The 45 GHz receiver has an instantaneous 8 GHz bandwidth. The signal is downconverted and the Intermediate Frequency (IF) split into 2 GHz bands, and later the IF split into 0.5 GHz wide bands. The bands are fed into a fast Fourier transform spectrometer with several modules, which can be configured to provide different band widths and spectral resolutions. The observations described in this article used two 500 MHz modules, one per circular polarization, with 16 384 channels per module and a spectral resolution of 30 kHz (approximately 0.21 km s-1 at this frequency).

In order to keep a good pointing and focus, pseudo-continuum observations were performed every one or two hours toward sources with SiO v = 1J = 1–0 maser emission. Pseudo-continuum observations consist in subtracting the summed spectral emission from the SiO maser from the rest of the spectrum while performing a pointing drift, or a focus scan. This is a useful technique since local atmospheric conditions have a small influence on the results and the baselines obtained are rather flat. Pointing errors were always kept within 5′′ in both axes.

Observations consisted of spatial on-off scans with an integration time of 60 s, using a spatial reference 400′′ away in azimuth to subtract the atmospheric emission correctly. Calibration scans were performed every 20 min. The resulting baselines are good, and only simple first order baselines were removed from the observed profiles.

The calibration of observations previous to April 2014 was only approximate at first because before that date, the antenna efficiency and flux-to-temperature conversion were not systematically measured (using planets and other well-known sources). The absolute calibration of those observations was checked by comparing the intensities of the wide spectral components and, in particular, of the plateau (see Sect. 3.1) with observations of the same sources performed later, since these wide features are assumed to be constant. As discussed in Sect. 3.2, those sources in which the plateau is identified well (IK Tau, GX Mon, χ Cyg, etc.) show significantly constant plateau emission, at least within the calibration uncertainties. The corrections applied to those preliminary data were always moderate, within the general calibration uncertainty mentioned above. The narrow intense spikes, very clearly detected in many sources (Sect. 3.1), show strong variations (as described in Sect. 3.2).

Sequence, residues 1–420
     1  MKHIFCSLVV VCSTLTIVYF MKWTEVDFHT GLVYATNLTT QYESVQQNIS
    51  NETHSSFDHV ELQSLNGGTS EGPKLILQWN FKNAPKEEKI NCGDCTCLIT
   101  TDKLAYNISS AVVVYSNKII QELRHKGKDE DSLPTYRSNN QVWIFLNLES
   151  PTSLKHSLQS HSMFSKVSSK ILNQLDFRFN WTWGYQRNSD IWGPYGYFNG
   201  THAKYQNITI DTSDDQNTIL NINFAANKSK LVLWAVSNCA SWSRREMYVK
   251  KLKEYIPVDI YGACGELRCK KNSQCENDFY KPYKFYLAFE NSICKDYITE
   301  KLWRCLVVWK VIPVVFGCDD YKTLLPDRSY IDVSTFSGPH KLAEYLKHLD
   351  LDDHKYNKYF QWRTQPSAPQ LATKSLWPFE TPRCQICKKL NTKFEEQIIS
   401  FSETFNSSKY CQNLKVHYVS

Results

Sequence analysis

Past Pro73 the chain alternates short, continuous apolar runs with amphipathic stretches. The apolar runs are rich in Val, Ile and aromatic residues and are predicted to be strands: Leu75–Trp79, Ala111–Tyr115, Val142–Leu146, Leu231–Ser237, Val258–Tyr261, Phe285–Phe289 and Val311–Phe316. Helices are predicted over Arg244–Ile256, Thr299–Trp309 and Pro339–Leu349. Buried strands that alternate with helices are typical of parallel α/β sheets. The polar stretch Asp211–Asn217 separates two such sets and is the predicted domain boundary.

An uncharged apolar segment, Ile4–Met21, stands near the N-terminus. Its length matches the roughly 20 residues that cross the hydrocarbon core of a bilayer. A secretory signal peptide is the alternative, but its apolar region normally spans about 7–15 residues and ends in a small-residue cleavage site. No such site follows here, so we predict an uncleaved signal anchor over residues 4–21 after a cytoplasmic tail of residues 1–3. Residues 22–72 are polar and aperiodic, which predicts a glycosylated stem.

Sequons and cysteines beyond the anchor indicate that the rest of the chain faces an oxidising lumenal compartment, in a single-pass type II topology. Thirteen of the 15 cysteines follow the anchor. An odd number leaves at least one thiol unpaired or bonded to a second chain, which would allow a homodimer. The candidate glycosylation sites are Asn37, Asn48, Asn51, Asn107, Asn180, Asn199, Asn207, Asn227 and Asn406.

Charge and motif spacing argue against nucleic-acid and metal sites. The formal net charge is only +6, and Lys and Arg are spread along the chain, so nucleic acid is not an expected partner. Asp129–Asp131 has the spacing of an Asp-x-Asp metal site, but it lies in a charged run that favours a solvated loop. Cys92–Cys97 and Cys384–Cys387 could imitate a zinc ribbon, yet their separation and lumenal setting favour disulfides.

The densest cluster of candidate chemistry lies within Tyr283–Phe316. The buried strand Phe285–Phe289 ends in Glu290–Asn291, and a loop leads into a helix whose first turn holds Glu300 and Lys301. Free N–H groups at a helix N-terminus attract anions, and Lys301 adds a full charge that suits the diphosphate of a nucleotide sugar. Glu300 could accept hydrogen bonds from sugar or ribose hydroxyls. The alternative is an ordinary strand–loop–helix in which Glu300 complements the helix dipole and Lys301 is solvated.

3. Results

We have observed a total of 28 stars in 28SiO v = 0J = 1–0 emission (with rest frequency 43.423853 GHz), see data in Figs. 1 to 8 and A.1 to A.20. Our sample includes O-rich, S-type, and C-rich Mira-type variables, OH/IR stars, which are highly-obscured O-rich Miras with strong OH maser emission, O-rich super, and hypergiants and semiregular variables. Source properties are summarized in Table 1 and the different kinds of observed spectra are discussed in Sect. 3.1. A summary of the observational parameters is shown in Table A.1. Most objects were observed several times, and some of them were more systematically monitored; see detailed discussion on the observed variability in Sect. 3.2.

3.1. General properties of SiO v = 0 J = 1–0 emission from evolved stars